Entertainment

A ‘GENIUS’ comes of age

BY KEVIN JACKSON Observer writer

Friday, May 30, 2014    

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STEPHEN 'DI GENIUS' McGregor, arguably dancehall's top producer of the last decade, is making some noise on the British music scene thanks to Dangerous Love, a song he produced for British/Ghanaian singer Fuse ODG featuring Sean Paul.

Last weekend, Dangerous Love debuted at number three on the UK pop chart. McGregor spoke to Splash about the project's genesis.

"I got the chance to work with Fuse ODG through my publishers at Sony ATV. He was one of the persons I had worked with on a recent production trip to London," he said. "I recorded Sean Paul on the track when I got back to Jamaica and the label (3Beats) heard it, loved it and decided to release it as the next single."

3 Beat Records is a British independent label. Last year, it released dancehall artiste Stylo G's single Soundbwoy which reached number 18 on the UK pop chart.

McGregor said he did not know Fuse ODG personally prior to working with him, but was familiar with his work.

"He has some really big songs in the UK and Europe, I knew the songs, I just didn't know the artiste."

Fuse ODG won the UK MOBO Award in 2013 for Best African Act. His British chart hits include Antenna, Million Pound Girl (Badder than Bad) and Azonto.

McGregor has had international success with Mavado's Weh Dem a Do (a Top 40 Billboard R&B Hip Hop Singles chart hit), and Sean Paul's So Fine and Press it Up, both of which entered the Billboard Hot 100.

While not as big as the American market, McGregor considers the British charts just as influential.

"The UK market is a lucrative one not only in terms of record sales, but music placement like sync licences and publishing," he said.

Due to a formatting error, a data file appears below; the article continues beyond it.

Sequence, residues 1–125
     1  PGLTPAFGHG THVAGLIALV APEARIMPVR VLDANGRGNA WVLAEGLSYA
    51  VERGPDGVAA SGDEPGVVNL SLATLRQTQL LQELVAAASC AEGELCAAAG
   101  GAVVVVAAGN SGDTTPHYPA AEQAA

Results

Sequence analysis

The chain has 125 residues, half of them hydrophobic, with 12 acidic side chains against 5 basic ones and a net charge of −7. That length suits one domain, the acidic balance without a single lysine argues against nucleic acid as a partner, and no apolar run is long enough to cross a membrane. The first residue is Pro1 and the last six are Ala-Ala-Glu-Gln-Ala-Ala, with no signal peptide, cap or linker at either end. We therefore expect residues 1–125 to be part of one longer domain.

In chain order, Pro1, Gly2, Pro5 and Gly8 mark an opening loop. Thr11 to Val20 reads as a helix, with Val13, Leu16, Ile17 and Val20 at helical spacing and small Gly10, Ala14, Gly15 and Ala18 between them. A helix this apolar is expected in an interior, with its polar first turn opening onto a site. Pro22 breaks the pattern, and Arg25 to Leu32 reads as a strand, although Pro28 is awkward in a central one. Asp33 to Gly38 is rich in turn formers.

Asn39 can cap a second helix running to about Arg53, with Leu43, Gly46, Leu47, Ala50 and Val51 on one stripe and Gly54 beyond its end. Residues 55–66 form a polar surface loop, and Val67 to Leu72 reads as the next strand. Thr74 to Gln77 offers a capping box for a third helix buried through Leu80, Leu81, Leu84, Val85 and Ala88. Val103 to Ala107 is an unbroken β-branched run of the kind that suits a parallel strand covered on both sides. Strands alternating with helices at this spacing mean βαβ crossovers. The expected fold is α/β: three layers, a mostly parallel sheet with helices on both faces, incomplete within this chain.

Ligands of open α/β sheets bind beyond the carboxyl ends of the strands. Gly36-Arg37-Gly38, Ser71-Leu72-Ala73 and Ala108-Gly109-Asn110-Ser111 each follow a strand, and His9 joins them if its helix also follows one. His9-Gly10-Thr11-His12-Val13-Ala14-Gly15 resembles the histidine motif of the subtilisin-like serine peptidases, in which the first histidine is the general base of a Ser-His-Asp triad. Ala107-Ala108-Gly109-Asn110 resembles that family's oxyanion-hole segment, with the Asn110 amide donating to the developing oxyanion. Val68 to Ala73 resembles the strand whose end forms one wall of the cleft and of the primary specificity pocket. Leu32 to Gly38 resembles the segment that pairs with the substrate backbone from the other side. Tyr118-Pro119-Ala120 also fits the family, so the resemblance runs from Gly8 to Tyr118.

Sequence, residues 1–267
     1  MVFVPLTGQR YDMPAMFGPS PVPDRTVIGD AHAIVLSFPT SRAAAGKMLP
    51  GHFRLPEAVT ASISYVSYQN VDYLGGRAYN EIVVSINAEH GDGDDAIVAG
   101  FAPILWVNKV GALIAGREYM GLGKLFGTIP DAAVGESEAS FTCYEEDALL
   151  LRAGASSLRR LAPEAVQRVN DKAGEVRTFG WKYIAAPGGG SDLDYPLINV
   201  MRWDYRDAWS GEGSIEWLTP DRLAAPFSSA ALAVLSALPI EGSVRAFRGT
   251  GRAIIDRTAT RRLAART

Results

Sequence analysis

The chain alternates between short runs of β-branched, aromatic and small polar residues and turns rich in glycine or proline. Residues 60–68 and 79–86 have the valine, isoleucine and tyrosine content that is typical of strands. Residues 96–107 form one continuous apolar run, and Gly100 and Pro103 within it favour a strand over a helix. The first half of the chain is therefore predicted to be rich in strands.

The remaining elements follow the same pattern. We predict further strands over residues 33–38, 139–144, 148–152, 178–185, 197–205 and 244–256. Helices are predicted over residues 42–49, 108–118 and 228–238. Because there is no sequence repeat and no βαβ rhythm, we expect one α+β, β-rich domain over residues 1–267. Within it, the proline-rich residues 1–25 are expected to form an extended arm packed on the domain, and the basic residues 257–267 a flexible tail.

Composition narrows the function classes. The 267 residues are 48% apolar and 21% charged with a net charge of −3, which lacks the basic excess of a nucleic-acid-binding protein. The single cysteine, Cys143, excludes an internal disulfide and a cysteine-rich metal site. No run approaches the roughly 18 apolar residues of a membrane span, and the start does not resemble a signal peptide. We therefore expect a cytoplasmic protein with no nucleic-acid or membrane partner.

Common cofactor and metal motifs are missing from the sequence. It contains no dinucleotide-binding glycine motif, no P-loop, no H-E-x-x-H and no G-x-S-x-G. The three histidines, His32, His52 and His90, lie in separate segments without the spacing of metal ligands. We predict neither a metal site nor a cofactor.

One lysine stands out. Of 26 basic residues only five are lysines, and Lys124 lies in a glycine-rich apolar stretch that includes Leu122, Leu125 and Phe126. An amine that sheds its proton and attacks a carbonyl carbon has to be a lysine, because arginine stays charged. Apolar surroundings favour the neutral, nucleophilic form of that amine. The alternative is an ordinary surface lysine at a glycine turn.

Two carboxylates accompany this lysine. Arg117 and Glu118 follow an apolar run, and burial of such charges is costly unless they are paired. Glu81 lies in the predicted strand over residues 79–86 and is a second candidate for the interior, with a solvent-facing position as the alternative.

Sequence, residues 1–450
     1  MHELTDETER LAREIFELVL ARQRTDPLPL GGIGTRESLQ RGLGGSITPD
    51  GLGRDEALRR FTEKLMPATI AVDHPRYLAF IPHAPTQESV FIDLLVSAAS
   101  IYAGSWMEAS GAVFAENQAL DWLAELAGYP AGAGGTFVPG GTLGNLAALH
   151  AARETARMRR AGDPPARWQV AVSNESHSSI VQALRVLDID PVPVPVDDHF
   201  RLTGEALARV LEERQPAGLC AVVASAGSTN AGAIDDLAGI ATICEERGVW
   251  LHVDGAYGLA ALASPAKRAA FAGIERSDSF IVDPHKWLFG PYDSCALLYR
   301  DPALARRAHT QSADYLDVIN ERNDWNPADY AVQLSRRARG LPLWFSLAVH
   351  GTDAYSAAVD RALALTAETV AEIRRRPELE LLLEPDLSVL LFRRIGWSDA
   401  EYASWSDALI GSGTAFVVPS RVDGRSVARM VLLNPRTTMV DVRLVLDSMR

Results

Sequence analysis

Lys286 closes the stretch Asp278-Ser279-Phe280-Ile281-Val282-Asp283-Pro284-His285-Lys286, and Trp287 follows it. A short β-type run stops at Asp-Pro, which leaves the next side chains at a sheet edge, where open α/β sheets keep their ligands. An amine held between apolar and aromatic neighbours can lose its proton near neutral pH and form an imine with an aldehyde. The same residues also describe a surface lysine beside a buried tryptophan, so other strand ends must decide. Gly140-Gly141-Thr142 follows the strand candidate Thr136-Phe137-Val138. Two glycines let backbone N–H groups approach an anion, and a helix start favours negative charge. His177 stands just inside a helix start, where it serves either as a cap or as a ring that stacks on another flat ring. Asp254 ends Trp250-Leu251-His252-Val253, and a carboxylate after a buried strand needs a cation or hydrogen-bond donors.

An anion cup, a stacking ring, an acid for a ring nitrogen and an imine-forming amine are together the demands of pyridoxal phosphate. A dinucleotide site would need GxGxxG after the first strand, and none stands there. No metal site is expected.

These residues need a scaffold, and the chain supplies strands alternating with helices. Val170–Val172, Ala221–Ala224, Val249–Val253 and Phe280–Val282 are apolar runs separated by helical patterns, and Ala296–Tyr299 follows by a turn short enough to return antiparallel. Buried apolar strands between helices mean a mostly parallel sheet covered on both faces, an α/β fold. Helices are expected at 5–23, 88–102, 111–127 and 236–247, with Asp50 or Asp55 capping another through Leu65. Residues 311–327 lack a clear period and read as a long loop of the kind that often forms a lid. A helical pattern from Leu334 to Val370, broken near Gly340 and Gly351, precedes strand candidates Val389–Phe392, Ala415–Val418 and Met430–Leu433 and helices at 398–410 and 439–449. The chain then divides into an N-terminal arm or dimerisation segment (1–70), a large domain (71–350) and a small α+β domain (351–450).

McGregor's father, singer Freddie McGregor, was a regular on the British charts in the 1980s with songs like Just Don't Want to be Lonely (which peaked at number nine) and That Girl (Groovy Situation) which stalled at number 47.

Stephen McGregor began his production career in 2002 at age 12. His debut project was the Dutch Master 'riddim' but it was 2004's Cartoon beat which really got the ball rolling.

It yielded Mr Lex's We Hot, Elephant Man's Fly Go A Moon, Delly Ranx's Doan Fear Dem and Things Set a Way by Predator.

After more than 12 years producing dancehall beats, McGregor feels the time is right to move on to the next phase.

"It's definitely very important to move my sound to the next level and thankfully that process has started nicely so far," he said. "My main focus now is to continue getting placements like these songs to secure my longevity in the industry outside of only dancehall/reggae."

That new focus includes working with live instruments.

"I basically work from what I think will work for the particular songs, so it varies. The track by Fuse ODG and Sean Paul is more computer-based," he explained. "However, at the same time in London, I did sessions with Maverick Sabre for his album which is mainly live instruments."

Other recent projects by McGregor include singles by his brother Chino, Aidonia, Tifa, Mavado and Denyque. He is also producing Chino's new album, scheduled for release this summer.

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